Salespeople Should Say I Could Be Wrong!

They say the mark of a reasonable person is he is free from his own concepts.

For example, he might believe in extraterrestrials, but then again, he’s open to correction.

He appreciates the difference between beliefs about reality, and reality, itself. Illiberal people, and this is nothing to do with politics, merge the two, and insist that their view is correct.

They’re like the hospital inmate who says: Support mental health or I’ll kill you!

Anyway, it’s tough to have meaningful, empathic conversations with psychotics. It’s even dangerous to try.

This is why it’s so refreshing when we encounter anyone in business that seems reasonable, flexible.

For instance, I tried to reach this watermark of tranquility the other day. Sitting in a meeting where the topic was sales coaching, two of the five honchos in the room tried to wangle me into saying, unequivocally, how many sales we could expect to produce from a new tele-sales unit.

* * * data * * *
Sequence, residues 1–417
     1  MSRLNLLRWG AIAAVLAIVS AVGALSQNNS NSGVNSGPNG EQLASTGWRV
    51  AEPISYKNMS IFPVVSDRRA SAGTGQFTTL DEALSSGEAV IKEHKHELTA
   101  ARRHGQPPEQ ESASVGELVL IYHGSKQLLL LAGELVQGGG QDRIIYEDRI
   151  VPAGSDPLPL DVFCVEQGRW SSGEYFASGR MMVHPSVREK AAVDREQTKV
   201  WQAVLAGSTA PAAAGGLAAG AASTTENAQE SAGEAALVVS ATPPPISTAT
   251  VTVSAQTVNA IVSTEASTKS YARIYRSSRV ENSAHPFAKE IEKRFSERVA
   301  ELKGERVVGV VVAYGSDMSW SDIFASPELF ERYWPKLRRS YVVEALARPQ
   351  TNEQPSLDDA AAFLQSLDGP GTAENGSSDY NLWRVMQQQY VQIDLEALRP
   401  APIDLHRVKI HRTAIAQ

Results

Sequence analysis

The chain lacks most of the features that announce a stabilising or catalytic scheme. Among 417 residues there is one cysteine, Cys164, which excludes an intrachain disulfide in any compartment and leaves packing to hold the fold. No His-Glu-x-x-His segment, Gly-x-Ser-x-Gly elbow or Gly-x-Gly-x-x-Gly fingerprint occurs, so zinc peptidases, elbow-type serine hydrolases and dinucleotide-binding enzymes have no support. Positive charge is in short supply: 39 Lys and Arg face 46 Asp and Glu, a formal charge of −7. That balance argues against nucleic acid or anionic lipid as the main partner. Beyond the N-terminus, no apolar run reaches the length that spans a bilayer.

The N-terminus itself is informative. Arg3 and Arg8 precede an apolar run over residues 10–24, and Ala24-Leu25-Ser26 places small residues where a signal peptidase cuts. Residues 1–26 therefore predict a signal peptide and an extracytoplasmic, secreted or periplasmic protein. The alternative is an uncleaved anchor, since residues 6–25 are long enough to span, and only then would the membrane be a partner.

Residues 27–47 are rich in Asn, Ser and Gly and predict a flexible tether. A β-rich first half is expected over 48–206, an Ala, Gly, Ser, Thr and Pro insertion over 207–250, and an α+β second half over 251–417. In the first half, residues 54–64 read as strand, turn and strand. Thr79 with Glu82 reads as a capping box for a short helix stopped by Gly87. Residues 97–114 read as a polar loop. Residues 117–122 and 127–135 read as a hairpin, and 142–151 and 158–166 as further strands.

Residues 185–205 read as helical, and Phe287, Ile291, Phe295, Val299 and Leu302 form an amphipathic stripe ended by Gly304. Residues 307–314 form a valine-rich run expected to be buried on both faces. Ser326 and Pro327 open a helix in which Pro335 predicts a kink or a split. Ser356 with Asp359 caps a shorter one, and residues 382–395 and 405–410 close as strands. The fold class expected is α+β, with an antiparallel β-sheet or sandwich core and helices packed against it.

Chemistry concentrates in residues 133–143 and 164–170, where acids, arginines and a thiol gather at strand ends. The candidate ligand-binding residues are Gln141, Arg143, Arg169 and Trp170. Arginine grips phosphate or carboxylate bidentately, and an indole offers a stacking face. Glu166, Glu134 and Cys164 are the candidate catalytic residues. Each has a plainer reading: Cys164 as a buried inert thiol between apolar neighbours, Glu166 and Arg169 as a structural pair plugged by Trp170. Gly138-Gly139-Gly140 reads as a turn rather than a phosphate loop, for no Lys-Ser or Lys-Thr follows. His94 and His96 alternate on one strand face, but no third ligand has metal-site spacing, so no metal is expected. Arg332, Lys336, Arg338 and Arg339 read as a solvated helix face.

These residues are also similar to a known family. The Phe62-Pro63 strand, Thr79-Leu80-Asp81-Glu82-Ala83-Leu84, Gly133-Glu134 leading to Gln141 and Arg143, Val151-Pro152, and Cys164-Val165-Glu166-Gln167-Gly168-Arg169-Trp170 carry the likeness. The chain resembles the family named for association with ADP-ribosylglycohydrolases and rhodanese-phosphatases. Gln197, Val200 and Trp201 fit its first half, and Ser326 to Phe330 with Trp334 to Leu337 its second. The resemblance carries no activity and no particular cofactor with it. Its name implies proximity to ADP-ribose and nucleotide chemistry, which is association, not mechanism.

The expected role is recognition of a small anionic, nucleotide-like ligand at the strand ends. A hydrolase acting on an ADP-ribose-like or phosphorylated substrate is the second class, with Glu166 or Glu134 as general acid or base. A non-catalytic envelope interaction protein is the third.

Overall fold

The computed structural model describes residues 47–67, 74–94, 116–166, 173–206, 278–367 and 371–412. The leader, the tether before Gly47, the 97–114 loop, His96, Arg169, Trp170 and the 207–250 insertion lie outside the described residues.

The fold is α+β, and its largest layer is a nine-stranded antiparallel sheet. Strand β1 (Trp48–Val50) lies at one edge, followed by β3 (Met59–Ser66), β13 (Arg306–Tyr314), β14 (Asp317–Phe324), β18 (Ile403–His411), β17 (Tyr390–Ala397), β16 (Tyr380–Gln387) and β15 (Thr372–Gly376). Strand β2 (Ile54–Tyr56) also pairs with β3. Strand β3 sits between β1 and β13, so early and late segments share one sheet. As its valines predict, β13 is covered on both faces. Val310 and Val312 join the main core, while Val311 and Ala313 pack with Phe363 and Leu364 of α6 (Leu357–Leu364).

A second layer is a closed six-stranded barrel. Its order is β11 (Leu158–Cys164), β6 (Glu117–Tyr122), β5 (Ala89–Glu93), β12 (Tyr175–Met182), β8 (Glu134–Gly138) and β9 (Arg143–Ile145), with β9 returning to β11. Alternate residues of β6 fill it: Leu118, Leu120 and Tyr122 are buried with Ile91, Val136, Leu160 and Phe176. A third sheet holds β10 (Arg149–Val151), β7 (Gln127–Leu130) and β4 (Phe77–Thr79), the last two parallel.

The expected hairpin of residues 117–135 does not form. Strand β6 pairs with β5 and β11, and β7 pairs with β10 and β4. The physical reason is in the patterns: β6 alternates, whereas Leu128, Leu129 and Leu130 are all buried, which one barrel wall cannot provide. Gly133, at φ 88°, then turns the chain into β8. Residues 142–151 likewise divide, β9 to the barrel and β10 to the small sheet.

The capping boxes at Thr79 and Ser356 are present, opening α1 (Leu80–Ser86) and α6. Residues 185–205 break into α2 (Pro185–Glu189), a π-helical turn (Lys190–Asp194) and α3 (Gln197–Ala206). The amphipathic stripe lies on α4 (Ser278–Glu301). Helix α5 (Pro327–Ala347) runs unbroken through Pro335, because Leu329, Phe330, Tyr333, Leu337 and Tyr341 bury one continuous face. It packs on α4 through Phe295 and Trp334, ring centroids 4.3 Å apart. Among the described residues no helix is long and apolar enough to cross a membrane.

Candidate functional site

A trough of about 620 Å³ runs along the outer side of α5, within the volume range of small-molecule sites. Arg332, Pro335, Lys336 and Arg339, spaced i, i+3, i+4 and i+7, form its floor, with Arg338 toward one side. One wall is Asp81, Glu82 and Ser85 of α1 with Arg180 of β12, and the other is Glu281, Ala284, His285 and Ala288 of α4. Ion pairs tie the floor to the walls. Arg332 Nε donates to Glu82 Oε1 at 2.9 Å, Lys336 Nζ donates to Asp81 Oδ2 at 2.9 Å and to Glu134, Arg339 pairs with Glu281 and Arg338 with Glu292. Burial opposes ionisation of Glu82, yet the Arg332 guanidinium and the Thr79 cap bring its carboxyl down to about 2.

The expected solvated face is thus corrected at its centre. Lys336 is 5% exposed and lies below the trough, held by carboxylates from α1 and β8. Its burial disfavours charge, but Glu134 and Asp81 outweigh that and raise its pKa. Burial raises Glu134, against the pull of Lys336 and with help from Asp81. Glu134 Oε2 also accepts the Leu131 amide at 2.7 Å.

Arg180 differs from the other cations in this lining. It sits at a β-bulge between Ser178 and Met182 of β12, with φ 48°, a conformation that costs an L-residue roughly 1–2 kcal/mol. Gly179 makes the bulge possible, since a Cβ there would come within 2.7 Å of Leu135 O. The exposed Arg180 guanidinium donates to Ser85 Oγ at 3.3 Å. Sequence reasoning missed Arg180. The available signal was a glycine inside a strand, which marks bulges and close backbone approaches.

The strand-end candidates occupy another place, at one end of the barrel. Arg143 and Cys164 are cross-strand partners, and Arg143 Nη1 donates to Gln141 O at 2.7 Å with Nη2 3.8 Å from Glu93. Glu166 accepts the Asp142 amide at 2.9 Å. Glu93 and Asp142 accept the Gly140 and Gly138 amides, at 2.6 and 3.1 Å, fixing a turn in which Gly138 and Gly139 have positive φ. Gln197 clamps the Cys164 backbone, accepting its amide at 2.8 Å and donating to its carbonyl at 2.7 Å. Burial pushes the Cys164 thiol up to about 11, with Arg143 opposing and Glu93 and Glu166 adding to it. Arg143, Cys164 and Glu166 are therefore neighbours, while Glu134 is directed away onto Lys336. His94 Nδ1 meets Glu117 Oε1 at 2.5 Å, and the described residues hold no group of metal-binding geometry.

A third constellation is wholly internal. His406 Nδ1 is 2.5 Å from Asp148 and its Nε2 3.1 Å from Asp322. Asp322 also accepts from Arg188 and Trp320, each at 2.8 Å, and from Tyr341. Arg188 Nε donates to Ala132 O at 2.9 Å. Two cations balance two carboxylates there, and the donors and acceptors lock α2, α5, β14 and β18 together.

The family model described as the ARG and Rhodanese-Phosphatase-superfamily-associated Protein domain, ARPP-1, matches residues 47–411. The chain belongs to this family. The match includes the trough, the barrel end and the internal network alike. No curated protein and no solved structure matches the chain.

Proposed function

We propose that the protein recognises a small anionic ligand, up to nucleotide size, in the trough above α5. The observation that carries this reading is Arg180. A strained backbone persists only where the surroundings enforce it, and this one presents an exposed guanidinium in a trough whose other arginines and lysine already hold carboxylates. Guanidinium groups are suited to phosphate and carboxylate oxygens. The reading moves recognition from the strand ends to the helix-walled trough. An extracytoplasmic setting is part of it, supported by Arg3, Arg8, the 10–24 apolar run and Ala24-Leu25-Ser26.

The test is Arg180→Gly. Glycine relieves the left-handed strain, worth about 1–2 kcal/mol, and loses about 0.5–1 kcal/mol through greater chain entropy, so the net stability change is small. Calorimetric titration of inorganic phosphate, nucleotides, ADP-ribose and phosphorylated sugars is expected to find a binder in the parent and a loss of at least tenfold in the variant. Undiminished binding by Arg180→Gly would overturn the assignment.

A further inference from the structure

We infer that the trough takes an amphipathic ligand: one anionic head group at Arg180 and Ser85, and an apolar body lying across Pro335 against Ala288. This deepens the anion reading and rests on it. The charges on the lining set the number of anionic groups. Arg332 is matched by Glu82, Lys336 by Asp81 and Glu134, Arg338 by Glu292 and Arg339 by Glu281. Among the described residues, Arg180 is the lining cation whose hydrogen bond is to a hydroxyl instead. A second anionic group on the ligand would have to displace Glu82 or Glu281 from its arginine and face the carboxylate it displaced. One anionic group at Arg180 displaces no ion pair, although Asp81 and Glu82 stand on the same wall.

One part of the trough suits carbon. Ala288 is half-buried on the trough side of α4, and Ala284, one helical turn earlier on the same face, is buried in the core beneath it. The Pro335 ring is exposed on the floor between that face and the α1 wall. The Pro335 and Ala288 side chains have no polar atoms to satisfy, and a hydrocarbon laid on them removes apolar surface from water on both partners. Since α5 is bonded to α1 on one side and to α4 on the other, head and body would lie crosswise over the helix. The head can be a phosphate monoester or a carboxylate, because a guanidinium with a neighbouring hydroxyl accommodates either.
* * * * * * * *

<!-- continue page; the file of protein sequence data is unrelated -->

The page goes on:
I replied, “There are some things I know, and some things I don’t know,” and went on to provide a known number of appointments that can be set by phone folks in an hour.

But, I just don’t know how much business we’ll do selling your product. We’ll do some, but how profitable we’ll be is an open question. Sorry, I can’t be more specific.

Instead of resenting this explanation, they smiled, knowing no one can predict something like this with any degree of accuracy.

You pay your money and take your chances, as they say.

I think salespeople should try this tack more often. They’d be surprised to find out that they just may seem more credible, than less, for leaving the bombast and boasting behind.

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